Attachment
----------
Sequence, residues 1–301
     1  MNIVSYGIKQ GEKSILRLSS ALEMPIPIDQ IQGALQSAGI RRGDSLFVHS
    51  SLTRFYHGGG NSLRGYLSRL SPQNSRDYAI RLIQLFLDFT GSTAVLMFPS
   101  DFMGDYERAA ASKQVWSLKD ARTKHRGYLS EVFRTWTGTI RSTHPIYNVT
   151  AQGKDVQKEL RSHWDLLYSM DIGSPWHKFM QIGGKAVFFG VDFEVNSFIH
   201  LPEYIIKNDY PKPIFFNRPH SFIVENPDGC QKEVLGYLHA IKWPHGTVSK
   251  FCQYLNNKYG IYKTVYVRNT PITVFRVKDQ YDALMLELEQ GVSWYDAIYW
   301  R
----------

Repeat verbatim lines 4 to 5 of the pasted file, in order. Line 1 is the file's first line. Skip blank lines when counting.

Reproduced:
   101  DFMGDYERAA ASKQVWSLKD ARTKHRGYLS EVFRTWTGTI RSTHPIYNVT
   151  AQGKDVQKEL RSHWDLLYSM DIGSPWHKFM QIGGKAVFFG VDFEVNSFIH